December 6, 2021

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Meet the Robots Ready to Do Your Hair, Nails, and Makeup

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This feat took two and a half years to achieve and costs you around $10 to experience. Clockwork currently has a 10-shade menu, including OPI and Essie classics, and Apte is working on expanding the color range and offering basic nail art, like two-tone designs. She says leasing requests are coming in from major U.S. retailers, office buildings, luxury apartment buildings, high-end gyms, and airports.

For an unassisted robot to touch a human is a big deal. Think of the last time you let something with superhuman strength and limited reasoning capabilities touch you. You haven’t. In fact, it’s not something that’s ever really happened before, certainly not in the form of casual five-minute manicures. But that is just the beginning. A robotics engineer in Oakland — who has been filing patents for brow-tattooing robots and looking into spray-tan robots — spent four years building machines that work in tandem to give you lash extensions in 30 minutes or less (it can take mortal professionals about three times as long). 

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Luum’s robots hard at work applying lash extensions.Courtesy of brand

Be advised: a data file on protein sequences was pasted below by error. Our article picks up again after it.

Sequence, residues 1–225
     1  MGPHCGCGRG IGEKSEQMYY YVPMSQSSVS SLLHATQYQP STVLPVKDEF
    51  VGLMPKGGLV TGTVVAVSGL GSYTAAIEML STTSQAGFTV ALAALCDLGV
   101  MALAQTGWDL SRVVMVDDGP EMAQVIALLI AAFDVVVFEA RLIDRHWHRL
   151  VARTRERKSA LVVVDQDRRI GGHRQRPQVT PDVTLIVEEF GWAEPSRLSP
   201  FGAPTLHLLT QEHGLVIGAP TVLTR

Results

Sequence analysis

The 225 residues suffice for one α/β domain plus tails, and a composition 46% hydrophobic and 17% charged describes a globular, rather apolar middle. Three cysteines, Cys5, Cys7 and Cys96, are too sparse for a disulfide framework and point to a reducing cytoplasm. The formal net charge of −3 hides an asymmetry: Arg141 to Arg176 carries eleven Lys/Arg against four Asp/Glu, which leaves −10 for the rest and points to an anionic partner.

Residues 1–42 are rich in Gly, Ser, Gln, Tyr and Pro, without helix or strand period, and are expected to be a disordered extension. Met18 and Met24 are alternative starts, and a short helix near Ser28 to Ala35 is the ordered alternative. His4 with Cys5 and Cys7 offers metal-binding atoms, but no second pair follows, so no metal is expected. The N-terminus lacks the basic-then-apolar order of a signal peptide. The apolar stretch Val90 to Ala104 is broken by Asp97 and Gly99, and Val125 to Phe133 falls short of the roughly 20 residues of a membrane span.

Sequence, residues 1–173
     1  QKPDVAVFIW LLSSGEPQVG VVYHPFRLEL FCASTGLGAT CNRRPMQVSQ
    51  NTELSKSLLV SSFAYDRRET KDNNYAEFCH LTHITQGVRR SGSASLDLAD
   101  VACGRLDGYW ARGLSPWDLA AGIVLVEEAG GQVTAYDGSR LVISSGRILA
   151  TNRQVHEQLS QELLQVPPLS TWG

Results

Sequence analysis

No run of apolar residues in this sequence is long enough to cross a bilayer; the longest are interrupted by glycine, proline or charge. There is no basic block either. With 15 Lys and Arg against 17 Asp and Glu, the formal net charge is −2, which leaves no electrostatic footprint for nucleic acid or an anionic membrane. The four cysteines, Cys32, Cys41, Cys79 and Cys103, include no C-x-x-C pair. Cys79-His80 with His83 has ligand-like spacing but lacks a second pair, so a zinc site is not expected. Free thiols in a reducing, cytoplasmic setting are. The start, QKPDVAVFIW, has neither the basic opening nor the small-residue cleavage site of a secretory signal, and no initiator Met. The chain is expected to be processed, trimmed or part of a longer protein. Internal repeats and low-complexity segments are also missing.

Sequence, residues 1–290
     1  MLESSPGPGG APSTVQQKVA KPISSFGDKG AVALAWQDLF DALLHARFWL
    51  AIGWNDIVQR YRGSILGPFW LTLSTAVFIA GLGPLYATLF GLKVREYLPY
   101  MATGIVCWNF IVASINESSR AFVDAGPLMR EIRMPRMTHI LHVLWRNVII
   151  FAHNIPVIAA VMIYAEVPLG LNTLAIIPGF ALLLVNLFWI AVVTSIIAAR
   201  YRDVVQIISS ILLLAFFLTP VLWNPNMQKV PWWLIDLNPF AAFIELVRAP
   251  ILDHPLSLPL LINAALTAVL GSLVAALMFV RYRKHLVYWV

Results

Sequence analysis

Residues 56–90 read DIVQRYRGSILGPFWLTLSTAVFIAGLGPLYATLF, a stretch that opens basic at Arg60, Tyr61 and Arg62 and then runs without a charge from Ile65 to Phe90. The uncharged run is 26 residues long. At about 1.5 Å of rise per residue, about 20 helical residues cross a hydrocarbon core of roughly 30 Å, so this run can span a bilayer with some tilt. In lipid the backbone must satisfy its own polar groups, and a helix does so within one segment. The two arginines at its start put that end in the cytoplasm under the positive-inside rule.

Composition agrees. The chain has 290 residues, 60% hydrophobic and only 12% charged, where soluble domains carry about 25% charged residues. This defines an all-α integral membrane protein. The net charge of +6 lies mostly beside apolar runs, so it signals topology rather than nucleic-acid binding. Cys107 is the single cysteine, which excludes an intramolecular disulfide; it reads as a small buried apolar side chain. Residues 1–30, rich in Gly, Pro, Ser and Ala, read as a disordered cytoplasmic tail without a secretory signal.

“Their ‘brains,’ essentially, are built out of all these little calculations that [behave] like the way neurons behave,” says Nathan Harding, cofounder and CTO of Luum. “One [robot] searches for an isolated lash using flexible wire ends and it tells the other robot, ‘Hey, come over here and place an extension.’ The placement robot has to know exactly where it is in space to accurately [lay an extension on top of an eyelash], [and those are] both about a hundred microns in diameter.” (To put that into context, a lash or strand of hair is about 70 microns wide.) If you think it sounds nuts to let robots mess around near your eyes, “That size is big to the robot,” says Harding, whose robots are booking sessions for $50 (actual salons could open later next year).

And then there’s the robot hair salon. You laugh. Maybe you wince. But then you realize: Between Procter & Gamble’s labs in Cincinnati and Dyson’s in Malmesbury, England, all that’s missing is a barista bot and clients. At P&G, to test 2,000 shampoo prototypes each month, MEL washes hair while ALI lathers to see how big the shampoo bubbles get, all before DRF, across the room, finger-combs freshly washed hair to see how smooth it feels, says Stephen Hendrix, a scientist at P&G. (The robot names are acronyms for what they do: Mechanical Electronic Lathering, Automated Lather Instrument, and Dynamic Rinse Friction.)

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